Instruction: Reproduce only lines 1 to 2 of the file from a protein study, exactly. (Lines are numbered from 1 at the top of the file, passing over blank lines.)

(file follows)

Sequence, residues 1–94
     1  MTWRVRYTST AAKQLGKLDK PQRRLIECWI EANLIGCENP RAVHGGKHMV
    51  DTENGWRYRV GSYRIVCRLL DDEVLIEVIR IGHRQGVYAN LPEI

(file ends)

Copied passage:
Sequence, residues 1–94
     1  MTWRVRYTST AAKQLGKLDK PQRRLIECWI EANLIGCENP RAVHGGKHMV